How to Make Chopped Liver

This classic recipe is surprisingly easy to make from scratch.

Chopped liver is a staple on holiday tables during Passover and Rosh Hashanah, as well as served up deliciously at Jewish delis across the country. It is a beloved, old-world dish born out of the desire to use every part of the animal — even the livers. And so its origins are quite humble. Still, the result of the livers with fried onions, oil or schmaltz, and either eggs or vegetables is a super rich spread fit for a king. (Also, it’s really quite easy to make!)

I think the secret to great chopped liver is lots of fried onions, a little bit of schmaltz and not over-broiling the livers. According to rules of kashrut livers, must be fully cooked. But if you cook them exactly the right amount of time, or just slightly under, the liver result is much richer than if you over-broil them and dry them out.

You can buy schmaltz (chicken fat) in most grocery stores or butcher shops, but it is also very easy to make. The basic method is to cook pieces of chicken skin and fat in a pan with a little water and lots of onions very low and slow until the fat is release. Strain the fat, and it’s ready for chopped liver! The bits of onion and fried chicken skin are known as gribenes and are absolutely delicious eaten on the side. Think of them like Jewish pork rinds.

Follow this simple, classic recipe and you’ll be schmearing chopped liver before you know it. We love it on pletzl, an Ashkenazi flatbread topped with onion and poppy seeds.

If you have non-meat eaters in your midst, this vegan chopped liver with mushrooms and miso is just as rich and flavorful as the real deal. And this simple mock chopped liver recipe with mushroom and walnuts is a cinch to whip up.

Note: The chopped liver can be kept refrigerated in an airtight container for up to four days.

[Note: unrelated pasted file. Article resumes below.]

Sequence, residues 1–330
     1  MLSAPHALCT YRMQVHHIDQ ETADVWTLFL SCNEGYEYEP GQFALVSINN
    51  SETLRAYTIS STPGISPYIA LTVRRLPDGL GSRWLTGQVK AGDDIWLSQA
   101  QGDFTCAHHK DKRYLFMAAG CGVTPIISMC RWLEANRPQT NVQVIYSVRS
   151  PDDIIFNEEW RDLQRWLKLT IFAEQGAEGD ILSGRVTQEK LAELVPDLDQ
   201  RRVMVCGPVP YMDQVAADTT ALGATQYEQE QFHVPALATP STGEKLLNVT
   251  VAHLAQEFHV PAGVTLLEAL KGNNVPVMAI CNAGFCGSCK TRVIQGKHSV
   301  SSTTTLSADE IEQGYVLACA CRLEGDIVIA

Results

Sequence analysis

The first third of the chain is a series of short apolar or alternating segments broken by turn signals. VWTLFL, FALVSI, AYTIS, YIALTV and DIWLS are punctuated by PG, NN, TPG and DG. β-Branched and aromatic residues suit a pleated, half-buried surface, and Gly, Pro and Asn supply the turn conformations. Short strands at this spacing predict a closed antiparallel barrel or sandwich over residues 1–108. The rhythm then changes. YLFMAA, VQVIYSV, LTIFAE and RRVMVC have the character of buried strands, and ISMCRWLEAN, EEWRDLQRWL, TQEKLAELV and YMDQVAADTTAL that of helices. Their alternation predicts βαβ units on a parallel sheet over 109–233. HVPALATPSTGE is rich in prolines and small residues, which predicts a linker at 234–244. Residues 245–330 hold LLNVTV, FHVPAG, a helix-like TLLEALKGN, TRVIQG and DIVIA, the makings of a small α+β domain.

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chopped liver recipe jewish passover Rosh Hashanah
Photo credit Shannon Sarna

Chopped Liver

This classic chopped liver recipe is surprisingly easy to make from scratch!

  • Total Time: 40 minutes
  • Yield: Serves 4-6 1x


Units Scale
  • 1 lb raw livers (or buy already broiled from butcher)
  • 23 Tbsp olive oil or schmaltz
  • 2 onions, sliced
  • ¼ cup olive oil
  • -½ cup sweet wine or brandy
  • 2 hard-boiled eggs, chopped
  • fresh thyme
  • salt and pepper, to taste


  1. If livers are raw, set oven to broil. Place livers on a baking sheet lined with foil in a single layer.
  2. Broil until livers are just no longer pink in the middle, about 3-4 minutes each side. Allow to cool slightly.
  3. In a large sauté pan over medium heat, add 2-3 Tbsp olive oil or schmaltz. Add onions and cook for 15-20 minutes, until onions are browned.
  4. Place livers, half the onions, ¼ cup olive oil,  cup sweet wine or brandy and the leaves of 2-3 fresh thyme sprigs into a food processor fitted with blade. Pulse a few times.
  5. Taste, adding around ¼ tsp salt and  tsp pepper. Add more to taste. You can also add more wine or brandy at this point depending on desired consistency and taste. Pulse a few more times.
  6. Scoop liver mixture into a large bowl. Fold in chopped hard boiled eggs and the other half of the fried onions. Serve with a sprinkle of fresh thyme, if desired.


The chopped liver can be kept refrigerated in an airtight container for up to four days.

  • Author: Shannon Sarna
  • Prep Time: 10 minutes
  • Cook Time: 30 minutes
  • Category: Appetizer
  • Method: Stovetop
  • Cuisine: Ashkenazi

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